Earlier this fall I revisited our town forest with the hopes of running into Jim the depot train master. I asked him if he wanted to tell his story about The Depot at Martini Junction and the G scale railroad he built in the woods. Jim’s depot is not just a miniature RXR station but it is a fantasy land for children and adults alike. I discovered the junction many years ago on cross country ski’s and have revisited the depot in many seasons. I have not yet had a martini there. Jim would like as many Geocaching enthusiast as possible to visit his site.
“Chances are that not many of you have ever gone for a walk in a public forest and found a model railway just sitting there. Some twelve years ago I thought it would be neat if I could make my own trail which would connect with woods roads and walking paths into the town forest which abuts our property. In the process of working on the trail I came across a small brook which seemed to cry out for a little dam that would create a small waterfall. Of course, there would need to be a bench nearby so that one could sit and listen to the waterfall. The work on the trail continued but more and more the focus fell on the sitting area which soon acquired two more benches because, although my background had been in engineering, my calculations as to how many people could sit on the bench width-wise proved to be faulty as the original intent was to be able to sit four people for cocktails. A small table was added as well as a bird feeder and bird bath and I thought we were done. Then the train came.
That Christmas my daughter bought a New Bright set for her tree and invited me to come over and take a look. This was my first exposure to “big” trains and plastic track and it occurred to me that this could be taken outside to good effect. I found that more track and turnouts could be had and we were on our way. Because of natural elevation changes at the site the obvious construction technique would be to build a trestle to run between the sitting area and the waterfall, which was about 80 feet. My idea was to have the line start at the bench, loop around at the waterfall and make another loop after passing back through the bench complex. The railway is raised between one foot and four feet for most of its length except for a small part of the bench loop which comes to grade. The bench over the track was converted to a tunnel with doors so that the locomotive and tender could be stored and locked. The upper section of the bench provides storage for a boxcar, caboose and tools. Some time later I came across Scientific Toys radio-controlled trains and with some modifications have been running these for about eight years. Modifications included substituting New Bright trucks fitted with Scientific Toys couplers and plating the cars with coffee stirrers. The pond and waterfall became a seasonal water feature with the addition of a sluiceway and waterwheel.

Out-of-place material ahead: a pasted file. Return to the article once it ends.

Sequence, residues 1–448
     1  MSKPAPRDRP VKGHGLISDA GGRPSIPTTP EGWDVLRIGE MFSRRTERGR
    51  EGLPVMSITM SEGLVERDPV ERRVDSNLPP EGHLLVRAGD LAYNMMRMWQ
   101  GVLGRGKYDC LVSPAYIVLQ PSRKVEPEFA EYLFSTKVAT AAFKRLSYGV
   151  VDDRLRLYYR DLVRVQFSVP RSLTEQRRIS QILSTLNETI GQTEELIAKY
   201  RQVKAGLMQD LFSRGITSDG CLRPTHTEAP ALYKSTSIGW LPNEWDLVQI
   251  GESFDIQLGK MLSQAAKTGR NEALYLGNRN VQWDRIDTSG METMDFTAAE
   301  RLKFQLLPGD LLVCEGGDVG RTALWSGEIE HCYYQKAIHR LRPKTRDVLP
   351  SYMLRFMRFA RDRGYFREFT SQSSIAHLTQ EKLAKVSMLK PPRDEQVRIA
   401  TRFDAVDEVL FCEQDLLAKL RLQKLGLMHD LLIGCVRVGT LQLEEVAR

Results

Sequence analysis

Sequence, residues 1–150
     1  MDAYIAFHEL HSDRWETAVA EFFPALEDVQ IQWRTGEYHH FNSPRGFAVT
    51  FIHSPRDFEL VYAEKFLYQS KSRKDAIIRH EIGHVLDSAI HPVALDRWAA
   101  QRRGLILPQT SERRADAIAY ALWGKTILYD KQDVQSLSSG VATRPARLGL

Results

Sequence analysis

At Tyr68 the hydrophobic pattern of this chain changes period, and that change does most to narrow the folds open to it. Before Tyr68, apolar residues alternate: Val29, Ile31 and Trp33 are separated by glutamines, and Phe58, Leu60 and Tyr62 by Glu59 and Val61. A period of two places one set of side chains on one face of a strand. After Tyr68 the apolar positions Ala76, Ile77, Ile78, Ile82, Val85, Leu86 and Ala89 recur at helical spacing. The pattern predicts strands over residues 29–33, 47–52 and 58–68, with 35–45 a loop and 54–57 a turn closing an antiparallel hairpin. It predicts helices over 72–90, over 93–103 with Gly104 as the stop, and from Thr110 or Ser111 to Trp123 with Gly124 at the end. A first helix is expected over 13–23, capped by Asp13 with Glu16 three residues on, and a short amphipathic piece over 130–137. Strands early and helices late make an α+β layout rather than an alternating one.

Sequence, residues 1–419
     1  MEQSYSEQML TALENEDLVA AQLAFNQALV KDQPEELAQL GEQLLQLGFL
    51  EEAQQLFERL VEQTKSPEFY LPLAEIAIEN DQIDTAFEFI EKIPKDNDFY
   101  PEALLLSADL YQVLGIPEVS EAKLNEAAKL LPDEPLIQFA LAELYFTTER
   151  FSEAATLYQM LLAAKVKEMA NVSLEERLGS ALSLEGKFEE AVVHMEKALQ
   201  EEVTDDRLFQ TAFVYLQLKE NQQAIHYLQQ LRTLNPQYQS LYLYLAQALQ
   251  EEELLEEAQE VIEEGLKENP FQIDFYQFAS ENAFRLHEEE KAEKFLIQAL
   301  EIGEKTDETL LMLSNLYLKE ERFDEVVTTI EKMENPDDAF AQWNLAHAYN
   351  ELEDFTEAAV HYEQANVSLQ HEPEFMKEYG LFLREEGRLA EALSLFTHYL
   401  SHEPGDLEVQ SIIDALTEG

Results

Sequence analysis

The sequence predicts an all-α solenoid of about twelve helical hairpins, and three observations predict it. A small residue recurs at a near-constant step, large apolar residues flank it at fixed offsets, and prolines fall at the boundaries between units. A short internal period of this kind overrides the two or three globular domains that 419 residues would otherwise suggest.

Shortly after the trains started running I established a Geocache and Letter Box site co-located at Martini Junction. The geocache is called “The Depot” and the letterbox is named “The Birdhouse Letterbox. The Depot at Martini Junction includes a diner, freight platform and a maintenance office. Both the geocache and letterbox have proven to be popular attracting an estimated 1500 visitors to date many of whom had never seen a G scale railroad before. People find the railway in a number of ways by using the Geocaching site with coordinates and a GPS device, the Letterboxing site which provides clues to the location, local media accounts, word-of-mouth and of course lots of folks just come upon it by chance. The railway is about a 15 minute walk thru woodlands from the nearest road access and miniature bird houses function as trail markers. Most visitors never get to see the train. We don’t have an operating schedule and only run the train if we’re their and someone stops buy. The run itself is simply a trip out to the waterfall and back again and takes only a few minutes. The batteries seem to last quite a long time if we limit repeat performances.
This unique opportunity to work in a public space has been very special to me and I hope to be able to continue my effort. Just the other day a young boy who was visiting asked if I was the one who donated the railroad and though I hadn’t thought of it as a donation maybe that’s what it really is. It surely has been a great joy to me and I’m certain if has been fun for lots of others. We’ve found our way onto Google Earth and You Tube through unsolicited submissions and the results of “googling” Martini Junction fills a page”.
Jim Metcalf, Needham, MA